Landfall demobilization and remediationMay 2015-June 2015.
Foundation fabrication and transportationOctober 2015-September 2015.
WTG jacket foundation—non-pile driving activityApril 2015-July 2015 or August 2015-October 2015.
WTG jacket foundation—pile drivingMay 2015-July 2015 or August 2015-October 2015.
WTG installation and commissioningJuly 2015-December 2015.

NMFS proposed to issue an authorization effective October 31, 2014 through October 30, 2015, based on the anticipated work windows for in-water construction that could result in the incidental take of marine mammals. While project activities may occur for 1 year, in-water pile driving is only expected to occur for up to 20 days (4 days for each WTG). Use of the DP vessel thruster during cable installation activities is expected to occur for 28 Start Printed Page 53411days maximum. Impact pile driving will occur during daylight hours only, starting approximately 30 minutes after dawn and ending 30 minutes prior to dusk, unless a situation arises where stopping pile driving will compromise safety (either human health or environmental) and/or the integrity of the project. Cable installation (and subsequent use of the DP vessel thruster) will be conducted 24 hours per day.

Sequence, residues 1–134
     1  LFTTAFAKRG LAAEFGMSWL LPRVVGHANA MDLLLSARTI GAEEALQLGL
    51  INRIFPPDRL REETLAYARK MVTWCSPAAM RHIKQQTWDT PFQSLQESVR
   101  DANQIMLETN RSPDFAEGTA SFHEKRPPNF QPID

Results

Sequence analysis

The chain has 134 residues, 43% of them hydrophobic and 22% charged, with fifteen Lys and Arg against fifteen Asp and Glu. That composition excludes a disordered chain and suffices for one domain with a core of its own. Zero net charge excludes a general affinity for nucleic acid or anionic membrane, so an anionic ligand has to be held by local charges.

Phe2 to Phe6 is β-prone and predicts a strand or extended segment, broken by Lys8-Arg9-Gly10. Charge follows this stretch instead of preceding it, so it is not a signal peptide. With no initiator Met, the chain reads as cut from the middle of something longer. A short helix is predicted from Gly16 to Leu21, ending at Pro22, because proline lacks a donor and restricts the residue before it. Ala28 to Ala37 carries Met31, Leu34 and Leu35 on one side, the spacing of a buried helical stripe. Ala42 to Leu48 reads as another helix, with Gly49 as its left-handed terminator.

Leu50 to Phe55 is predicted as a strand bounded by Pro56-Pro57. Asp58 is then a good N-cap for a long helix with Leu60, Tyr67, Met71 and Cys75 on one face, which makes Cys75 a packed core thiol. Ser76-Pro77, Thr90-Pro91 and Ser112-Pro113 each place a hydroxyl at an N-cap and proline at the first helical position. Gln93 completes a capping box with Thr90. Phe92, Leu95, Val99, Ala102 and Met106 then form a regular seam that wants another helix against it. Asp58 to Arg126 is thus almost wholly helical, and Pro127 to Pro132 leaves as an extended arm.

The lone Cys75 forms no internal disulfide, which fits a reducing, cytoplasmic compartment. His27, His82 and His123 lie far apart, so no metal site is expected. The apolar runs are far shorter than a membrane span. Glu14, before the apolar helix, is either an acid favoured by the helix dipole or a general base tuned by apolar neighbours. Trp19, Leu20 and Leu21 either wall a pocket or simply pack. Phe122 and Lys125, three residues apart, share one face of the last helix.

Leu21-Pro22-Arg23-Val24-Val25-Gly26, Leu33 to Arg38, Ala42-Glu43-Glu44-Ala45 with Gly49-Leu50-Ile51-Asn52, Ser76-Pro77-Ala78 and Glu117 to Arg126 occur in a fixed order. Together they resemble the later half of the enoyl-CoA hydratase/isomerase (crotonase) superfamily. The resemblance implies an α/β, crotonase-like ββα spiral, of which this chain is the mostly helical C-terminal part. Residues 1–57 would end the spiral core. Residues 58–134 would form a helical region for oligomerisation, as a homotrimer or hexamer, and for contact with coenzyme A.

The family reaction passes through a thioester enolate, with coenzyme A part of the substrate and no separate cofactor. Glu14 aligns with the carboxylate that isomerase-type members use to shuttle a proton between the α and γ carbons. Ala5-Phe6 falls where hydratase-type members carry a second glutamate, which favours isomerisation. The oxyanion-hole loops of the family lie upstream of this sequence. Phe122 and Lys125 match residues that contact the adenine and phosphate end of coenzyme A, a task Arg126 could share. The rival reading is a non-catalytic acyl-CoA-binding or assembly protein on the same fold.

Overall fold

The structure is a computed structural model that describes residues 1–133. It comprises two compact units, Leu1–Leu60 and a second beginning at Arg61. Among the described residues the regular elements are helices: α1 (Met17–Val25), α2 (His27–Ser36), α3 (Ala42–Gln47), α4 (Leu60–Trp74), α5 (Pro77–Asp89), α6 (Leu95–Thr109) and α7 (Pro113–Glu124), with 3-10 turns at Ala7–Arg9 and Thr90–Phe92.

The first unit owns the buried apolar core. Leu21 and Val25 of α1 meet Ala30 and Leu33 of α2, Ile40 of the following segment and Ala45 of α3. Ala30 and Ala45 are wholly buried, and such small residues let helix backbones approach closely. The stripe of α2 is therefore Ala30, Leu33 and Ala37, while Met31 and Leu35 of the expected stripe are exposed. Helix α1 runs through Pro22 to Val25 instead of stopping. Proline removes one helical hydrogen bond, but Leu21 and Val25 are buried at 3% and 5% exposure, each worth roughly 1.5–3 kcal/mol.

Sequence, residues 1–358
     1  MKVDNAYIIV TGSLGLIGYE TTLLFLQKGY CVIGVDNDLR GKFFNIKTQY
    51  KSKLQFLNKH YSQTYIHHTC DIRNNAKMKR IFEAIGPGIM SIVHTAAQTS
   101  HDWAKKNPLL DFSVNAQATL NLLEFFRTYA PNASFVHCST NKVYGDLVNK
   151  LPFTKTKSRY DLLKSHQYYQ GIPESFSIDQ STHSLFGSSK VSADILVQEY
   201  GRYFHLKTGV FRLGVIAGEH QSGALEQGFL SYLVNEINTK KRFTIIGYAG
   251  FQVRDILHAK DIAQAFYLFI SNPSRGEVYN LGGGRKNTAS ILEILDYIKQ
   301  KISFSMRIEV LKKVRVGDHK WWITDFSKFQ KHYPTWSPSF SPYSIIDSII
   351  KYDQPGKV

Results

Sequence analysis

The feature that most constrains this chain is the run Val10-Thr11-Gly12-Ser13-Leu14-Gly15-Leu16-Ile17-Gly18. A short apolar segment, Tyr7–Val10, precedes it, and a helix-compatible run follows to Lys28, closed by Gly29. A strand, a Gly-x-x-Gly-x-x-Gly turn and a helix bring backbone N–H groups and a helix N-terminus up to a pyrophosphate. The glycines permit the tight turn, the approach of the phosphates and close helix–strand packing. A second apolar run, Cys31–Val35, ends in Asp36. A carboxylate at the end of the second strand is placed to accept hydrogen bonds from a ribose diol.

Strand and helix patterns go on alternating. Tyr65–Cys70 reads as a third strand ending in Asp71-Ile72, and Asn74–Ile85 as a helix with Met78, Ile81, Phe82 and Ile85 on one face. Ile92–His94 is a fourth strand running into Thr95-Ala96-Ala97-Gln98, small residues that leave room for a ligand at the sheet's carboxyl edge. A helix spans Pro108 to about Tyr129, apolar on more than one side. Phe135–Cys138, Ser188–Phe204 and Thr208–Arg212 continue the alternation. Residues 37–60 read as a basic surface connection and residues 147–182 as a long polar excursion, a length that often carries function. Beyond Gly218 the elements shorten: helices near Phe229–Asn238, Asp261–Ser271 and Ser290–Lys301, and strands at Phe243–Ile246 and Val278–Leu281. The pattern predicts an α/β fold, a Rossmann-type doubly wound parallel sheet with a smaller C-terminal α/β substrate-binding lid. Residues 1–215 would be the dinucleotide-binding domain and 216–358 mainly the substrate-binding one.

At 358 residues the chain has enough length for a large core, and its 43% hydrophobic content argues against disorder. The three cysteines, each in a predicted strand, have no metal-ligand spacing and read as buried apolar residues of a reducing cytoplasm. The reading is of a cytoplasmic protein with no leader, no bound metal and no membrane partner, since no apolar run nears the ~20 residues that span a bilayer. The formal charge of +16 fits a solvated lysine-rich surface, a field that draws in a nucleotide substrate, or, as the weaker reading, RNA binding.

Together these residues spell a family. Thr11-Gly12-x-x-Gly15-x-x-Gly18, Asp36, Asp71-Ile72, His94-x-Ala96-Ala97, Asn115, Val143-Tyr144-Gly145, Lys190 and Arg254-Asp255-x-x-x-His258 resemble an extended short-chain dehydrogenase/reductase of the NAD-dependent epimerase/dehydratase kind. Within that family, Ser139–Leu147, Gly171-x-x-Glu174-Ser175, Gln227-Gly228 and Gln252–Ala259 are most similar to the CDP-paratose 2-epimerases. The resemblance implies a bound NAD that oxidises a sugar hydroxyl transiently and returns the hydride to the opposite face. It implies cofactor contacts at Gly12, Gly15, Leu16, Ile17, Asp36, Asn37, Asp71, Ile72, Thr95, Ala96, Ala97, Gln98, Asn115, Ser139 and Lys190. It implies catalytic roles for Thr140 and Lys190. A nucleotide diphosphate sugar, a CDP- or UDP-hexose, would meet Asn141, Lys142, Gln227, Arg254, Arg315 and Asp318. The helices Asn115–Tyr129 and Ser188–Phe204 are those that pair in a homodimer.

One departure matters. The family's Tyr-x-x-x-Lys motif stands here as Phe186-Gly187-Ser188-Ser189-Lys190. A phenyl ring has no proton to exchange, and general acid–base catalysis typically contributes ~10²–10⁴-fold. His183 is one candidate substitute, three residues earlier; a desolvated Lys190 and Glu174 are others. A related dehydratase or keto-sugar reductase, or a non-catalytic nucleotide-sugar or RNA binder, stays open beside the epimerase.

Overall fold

Specified Geographic Region

The offshore components of the BIWF will be located in state territorial waters. Construction staging and laydown for offshore construction is planned to occur at the Quonset Point port facility in North Kingstown, Rhode Island. The WTGs will be located on average of about 4.8 kilometers (km) southeast of Block Island, and about 25.7 km south of the Rhode Island mainland. The WTGs will be arranged in a radial configuration spaced about 0.8 km apart. The inter-array cable will connect the five WTGs for a total length of 3.2 km from the northernmost WTG to the southernmost WTG (Figure 1.2-1 of DWBI's application). Water depths along the WTG array and inter-array cable range up to 23.3 meters (m).

The submarine portions of the export cable will be installed by a jet plow supported by a DP vessel. The export cable will originate at the northernmost WTG and travel 10 km to a manhole on Block Island. Water depths along the export cable submarine route range up to 36.9 m. Terrestrial cables, an interconnection switchyard, and other ancillary facilities associated with the BIWF will be located in the town of New Shoreham in Washington County, Rhode Island.